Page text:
Navy working to increase enrollment and examine sailor workload

Navy Enrollment


The Royal Canadian Navy (RCN) has a plan to fill the 1,000 personnel shortfall that often impacts currently serving sailors.

Leadership acknowledges the shortfall can lead to sailor burnout from maintaining a high operational tempo, training delays, and lack of consistency in work-life balance. 

“Healthy, competent, qualified people are nearing or at the burnout stage. I’ve seen it firsthand and I get multiple phone calls and emails about it,” says Chief Petty Officer First Class (CPO1) David Steeves, the RCN Command Chief Petty Officer. “It may not be in every sailor’s nature, but I ask those who are truly negatively affected to please speak up when they need help.”

Creative Solutions

To address these problems the RCN created Project Navy Generation in 2021, an initiative that reviews the navy’s entire personnel generation system, from recruiting to various training programs. 

There is also the new Digital Parade State, an in-house developed tracking software that improves how the navy matches deployment and training openings with sailor availability. The goal is to distribute the workload more evenly amongst sailors across the fleet.


The navy is now prioritizing training positions over routine activities to better fill positions in the long term with fully trained personnel. For example, if the only option to fill a specific position on board a deploying ship comes at the expense of the training system, the training system will most likely be prioritized. The ship would sail without the position, although with a plan in place to mitigate the risk.

The navy is also implementing new internal guidance to allow more flexibility in different aspects of training. This new guidance emphasizes the continued need for sailors to build experience at sea; however, new options to do so are being explored. For example, those waiting for Naval Environmental Training will now have more opportunities to get to sea, and personnel may be rotated at key junctions during a ship’s deployment to give more sailors opportunities for at-sea development.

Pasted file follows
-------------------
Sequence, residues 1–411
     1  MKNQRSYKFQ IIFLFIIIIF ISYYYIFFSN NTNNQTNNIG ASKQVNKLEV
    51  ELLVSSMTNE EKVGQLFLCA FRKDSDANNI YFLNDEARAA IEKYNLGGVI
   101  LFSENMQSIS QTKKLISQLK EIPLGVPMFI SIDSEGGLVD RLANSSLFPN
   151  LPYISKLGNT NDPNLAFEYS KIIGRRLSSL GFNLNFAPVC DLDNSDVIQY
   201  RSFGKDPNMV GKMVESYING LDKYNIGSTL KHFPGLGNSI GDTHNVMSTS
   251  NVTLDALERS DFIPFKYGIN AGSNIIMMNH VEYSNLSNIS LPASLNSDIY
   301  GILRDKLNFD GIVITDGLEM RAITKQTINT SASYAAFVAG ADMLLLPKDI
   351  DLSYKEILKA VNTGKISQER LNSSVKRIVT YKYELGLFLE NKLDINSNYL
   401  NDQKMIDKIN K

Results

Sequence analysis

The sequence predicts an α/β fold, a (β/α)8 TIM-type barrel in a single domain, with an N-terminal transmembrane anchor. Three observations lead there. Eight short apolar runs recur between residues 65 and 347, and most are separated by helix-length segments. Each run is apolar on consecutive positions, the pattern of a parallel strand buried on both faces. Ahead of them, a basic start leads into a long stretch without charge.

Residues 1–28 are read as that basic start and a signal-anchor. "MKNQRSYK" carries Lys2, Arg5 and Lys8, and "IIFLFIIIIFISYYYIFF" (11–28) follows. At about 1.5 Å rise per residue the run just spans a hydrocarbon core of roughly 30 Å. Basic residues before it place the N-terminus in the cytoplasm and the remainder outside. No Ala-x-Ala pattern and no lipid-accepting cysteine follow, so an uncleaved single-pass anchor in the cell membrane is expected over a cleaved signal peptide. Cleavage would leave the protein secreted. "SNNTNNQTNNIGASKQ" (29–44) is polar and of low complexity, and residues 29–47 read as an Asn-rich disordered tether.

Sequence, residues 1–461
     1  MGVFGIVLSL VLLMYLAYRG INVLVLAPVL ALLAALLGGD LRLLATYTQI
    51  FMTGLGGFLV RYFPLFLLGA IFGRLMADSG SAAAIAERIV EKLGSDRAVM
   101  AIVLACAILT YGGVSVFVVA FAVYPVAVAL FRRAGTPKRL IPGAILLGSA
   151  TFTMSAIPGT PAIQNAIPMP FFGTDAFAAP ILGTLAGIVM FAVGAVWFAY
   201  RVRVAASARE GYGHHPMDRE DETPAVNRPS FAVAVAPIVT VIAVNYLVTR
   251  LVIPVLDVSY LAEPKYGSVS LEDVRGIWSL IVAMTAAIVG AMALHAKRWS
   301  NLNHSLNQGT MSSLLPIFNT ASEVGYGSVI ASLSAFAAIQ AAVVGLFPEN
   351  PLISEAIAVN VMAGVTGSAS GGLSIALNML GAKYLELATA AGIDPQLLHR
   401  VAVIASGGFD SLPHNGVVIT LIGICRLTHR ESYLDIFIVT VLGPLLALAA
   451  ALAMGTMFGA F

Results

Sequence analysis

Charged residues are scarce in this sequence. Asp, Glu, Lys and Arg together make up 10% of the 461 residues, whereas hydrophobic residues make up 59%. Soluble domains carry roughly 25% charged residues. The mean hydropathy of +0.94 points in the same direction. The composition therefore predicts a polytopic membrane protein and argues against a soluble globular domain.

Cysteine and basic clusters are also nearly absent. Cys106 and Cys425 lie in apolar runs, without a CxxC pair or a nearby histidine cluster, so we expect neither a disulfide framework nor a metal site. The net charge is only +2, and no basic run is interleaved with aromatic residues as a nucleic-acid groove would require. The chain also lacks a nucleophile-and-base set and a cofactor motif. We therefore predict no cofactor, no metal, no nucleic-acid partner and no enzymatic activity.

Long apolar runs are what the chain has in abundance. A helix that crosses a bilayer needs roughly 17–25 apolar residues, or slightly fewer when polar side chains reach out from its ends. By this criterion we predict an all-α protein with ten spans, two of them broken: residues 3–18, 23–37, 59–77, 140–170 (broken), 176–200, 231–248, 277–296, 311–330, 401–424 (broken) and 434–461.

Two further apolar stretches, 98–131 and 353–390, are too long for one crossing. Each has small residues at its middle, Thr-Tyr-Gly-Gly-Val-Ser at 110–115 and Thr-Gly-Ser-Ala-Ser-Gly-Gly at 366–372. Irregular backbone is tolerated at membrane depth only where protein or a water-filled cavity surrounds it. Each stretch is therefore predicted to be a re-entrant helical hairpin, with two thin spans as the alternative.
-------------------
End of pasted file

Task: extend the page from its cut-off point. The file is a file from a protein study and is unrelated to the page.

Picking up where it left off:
Recruitment is a key area that needs improvement in order to recover from the present shortages. While personnel shortages are a Canadian Armed Forces (CAF)-wide problem, it is even greater for the navy as fewer than eight per cent of CAF applicants ultimately choose a naval career.

As the navy begins to look for sailors to crew the incoming Arctic and Offshore Patrol Ships, Joint Support Ships, and Canadian Surface Combatants, the need for modernized and streamlined approaches to recruiting has become even more apparent.

“The problem is circular. By not recruiting enough members, positions aren’t filled and people get overworked,” says Rear Admiral Angus Topshee, Assistant Chief of the Naval Staff – Personnel and Training, and Commander Maritime Forces Pacific, who oversees Project Navy Generation.  “Overworked sailors will be less likely to recommend a navy career to others. This is unfortunate as word-of-mouth has historically been our most successful recruiting method. We need to get more people in, get them trained, and then keep them in – that’s essentially the answer.”

Navy-specific attractions and recruitment are being prioritized through a new One Navy strategy, with increased attractions activities planned by all RCN units, and by continuing to leverage the 24 Naval Reserve Divisions across Canada.

Although evolving, this program includes changing the approach to some kinds of community visits and activities, empowering Reserve Divisions to better promote Regular Force programs, emphasizing the ability to transfer to the Regular Force for Reservists, and investing more resources into attractions.

“The RCN is acquiring some of the world’s most advanced warships and our new cross-country, Reserve Division-focused attractions and recruiting approach is going to ensure that Canadians everywhere are aware of just what an incredibly exciting time it is to join the navy,” says RAdm Topshee.

As an example of the new approach to community visits, the Great Lakes Deployments will refocus on attraction activities that promote the RCN as a career of choice to a more diverse selection of potential applicants. These deployments happen nearly every fall and see RCN ships visit communities along the St. Lawrence Seaway and Great Lakes. Several other programs such as Canadian Students at Sea will also give employment seekers the chance to find out what a naval career can offer them.

“This is really a whole-of-organization, multi-faceted approach,” says RAdm Topshee. “If we can make even a one per cent difference in any given area, we will, and through all of these small successes, across the navy and beyond, we are going to fix this.”

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